I have noticed that occasionally some USB mini-B connectors have what looks like a transparent yellow tape on their top.

It might be Kapton tape, but I am not sure.

As an example, please see the below image:

Adafruit 284


Usually, I leave this tape on. I am wondering, does anyone know what this yellow tape is for?

All I can think of is for protection during soldering, but I am not sure if that's applicable for machine-soldered circuits.

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    \$\begingroup\$ kapton is standard tape for wave soldering and IR. here the flat surface allows suction pick and place \$\endgroup\$ Commented Aug 18, 2020 at 21:47
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    \$\begingroup\$ @tlfong01, Du Pont invented Kapton and commercialized Cellophane, but 3M probably invented the adhesive that makes the tape sticky. (confirmed here) \$\endgroup\$
    – The Photon
    Commented Aug 19, 2020 at 6:20
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    \$\begingroup\$ @tlfong01 Kapton tape itself is smooth and mostly none vacuum penetrable. So by gluing it to a rough/open object, it provides a way for a vacuum to suck it up. Kapton Is a name brand for a synthetic polyamide more like Nylon than Cellophane which is organic or semi organic and older. Cellophane does not have the heat resistance of polyamids. Kapton is mostly used in industrial applications and not consumer ones. \$\endgroup\$
    – Passerby
    Commented Aug 19, 2020 at 6:36
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    \$\begingroup\$ Related: What is the purpose of this disk over a Samtec connector? \$\endgroup\$
    – Mast
    Commented Aug 19, 2020 at 8:17
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    \$\begingroup\$ The way I heard it was, that besides giving a surface for the pick-and-place machine, it add a bit of protection, for the plastic inside the USB socket, from the heat of the (IR-)reflow oven. \$\endgroup\$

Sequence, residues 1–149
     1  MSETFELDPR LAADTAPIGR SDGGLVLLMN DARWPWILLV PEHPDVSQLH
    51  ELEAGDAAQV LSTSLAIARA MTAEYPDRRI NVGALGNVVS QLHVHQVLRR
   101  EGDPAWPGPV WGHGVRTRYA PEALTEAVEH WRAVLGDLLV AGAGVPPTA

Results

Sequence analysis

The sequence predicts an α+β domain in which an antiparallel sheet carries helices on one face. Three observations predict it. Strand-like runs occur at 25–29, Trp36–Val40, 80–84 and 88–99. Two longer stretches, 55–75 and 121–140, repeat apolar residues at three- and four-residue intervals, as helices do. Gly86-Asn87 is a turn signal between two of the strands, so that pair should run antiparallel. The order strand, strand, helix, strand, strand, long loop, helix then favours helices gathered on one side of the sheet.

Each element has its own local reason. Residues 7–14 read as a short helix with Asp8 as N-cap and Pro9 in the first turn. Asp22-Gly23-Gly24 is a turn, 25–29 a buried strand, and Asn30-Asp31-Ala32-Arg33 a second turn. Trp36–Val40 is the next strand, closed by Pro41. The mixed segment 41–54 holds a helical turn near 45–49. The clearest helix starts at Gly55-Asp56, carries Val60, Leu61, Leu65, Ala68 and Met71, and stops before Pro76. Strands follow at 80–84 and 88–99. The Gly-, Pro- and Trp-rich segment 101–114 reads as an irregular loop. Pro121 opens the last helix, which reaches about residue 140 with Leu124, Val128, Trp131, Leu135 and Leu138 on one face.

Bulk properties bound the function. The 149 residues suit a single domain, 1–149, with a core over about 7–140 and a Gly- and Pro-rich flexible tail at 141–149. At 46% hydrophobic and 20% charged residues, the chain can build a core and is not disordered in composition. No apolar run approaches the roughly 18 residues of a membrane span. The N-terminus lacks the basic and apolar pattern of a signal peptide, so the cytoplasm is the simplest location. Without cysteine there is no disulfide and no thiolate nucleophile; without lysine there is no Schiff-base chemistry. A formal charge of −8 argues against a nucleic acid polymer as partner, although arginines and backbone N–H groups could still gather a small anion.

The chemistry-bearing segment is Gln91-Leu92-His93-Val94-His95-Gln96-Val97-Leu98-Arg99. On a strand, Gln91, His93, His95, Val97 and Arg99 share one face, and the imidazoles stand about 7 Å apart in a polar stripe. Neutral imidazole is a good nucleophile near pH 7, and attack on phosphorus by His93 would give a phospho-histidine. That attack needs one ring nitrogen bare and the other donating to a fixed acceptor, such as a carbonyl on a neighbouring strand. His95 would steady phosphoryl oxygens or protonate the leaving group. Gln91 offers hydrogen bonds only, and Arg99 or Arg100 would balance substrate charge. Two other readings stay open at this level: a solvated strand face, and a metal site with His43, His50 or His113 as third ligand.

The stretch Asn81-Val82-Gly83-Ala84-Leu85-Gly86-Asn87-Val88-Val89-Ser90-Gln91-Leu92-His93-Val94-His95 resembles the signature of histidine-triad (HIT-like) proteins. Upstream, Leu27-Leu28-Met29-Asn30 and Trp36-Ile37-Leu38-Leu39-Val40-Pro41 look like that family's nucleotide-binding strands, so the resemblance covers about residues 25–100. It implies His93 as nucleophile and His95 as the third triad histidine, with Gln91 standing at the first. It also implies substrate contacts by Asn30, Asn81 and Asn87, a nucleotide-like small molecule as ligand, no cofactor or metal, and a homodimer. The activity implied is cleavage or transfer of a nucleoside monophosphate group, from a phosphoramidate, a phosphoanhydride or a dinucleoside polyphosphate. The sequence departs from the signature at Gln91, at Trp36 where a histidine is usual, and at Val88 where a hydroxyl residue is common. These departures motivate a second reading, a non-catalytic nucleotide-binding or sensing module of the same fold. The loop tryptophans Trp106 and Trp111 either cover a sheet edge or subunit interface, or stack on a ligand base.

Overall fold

– Gerben
    Commented Aug 19, 2020 at 14:53

2 Answers 2


The official name is Pick and Place Pad. While this can refer to hard parts added to bigger or irregular shaped parts for pick and place, it also refers to the tape used for picking.

The tape a high heat, non-conductive tape, used for pick and place machine tips to suck onto to place the connector on a board. It may be Kapton, a name brand Polyimide tape, or may be an alternative brand and type tape. Others use Mylar for example. It just needs to survive movement and typical wave soldering or other automated SMD soldering solutions.

From a manufacturer data sheet: https://www.te.com/commerce/DocumentDelivery/DDEController?Action=srchrtrv&DocNm=1-1773973-2_Mini_USB_Connectors&DocType=DS&DocLang=EN

enter image description here

For another one, Mylar tape specifically.
enter image description here

And another: http://www.elstore.it/wp-content/uploads/prodattach/CU04SCM15B0-R0-LF.pdf
enter image description here

It's not intended or required to be removed, as it neither affects the part or usage.